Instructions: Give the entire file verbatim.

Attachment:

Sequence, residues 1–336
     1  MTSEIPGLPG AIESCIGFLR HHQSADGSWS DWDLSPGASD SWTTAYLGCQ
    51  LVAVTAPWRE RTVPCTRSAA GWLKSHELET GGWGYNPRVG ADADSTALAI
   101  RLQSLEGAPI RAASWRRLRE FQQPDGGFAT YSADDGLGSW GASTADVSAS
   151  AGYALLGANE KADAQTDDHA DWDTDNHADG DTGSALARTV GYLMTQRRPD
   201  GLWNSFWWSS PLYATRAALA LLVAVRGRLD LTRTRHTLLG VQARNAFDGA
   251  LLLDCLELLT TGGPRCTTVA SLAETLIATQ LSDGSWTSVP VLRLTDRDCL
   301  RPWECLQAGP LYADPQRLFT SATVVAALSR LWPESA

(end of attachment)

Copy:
Sequence, residues 1–336
     1  MTSEIPGLPG AIESCIGFLR HHQSADGSWS DWDLSPGASD SWTTAYLGCQ
    51  LVAVTAPWRE RTVPCTRSAA GWLKSHELET GGWGYNPRVG ADADSTALAI
   101  RLQSLEGAPI RAASWRRLRE FQQPDGGFAT YSADDGLGSW GASTADVSAS
   151  AGYALLGANE KADAQTDDHA DWDTDNHADG DTGSALARTV GYLMTQRRPD
   201  GLWNSFWWSS PLYATRAALA LLVAVRGRLD LTRTRHTLLG VQARNAFDGA
   251  LLLDCLELLT TGGPRCTTVA SLAETLIATQ LSDGSWTSVP VLRLTDRDCL
   301  RPWECLQAGP LYADPQRLFT SATVVAALSR LWPESA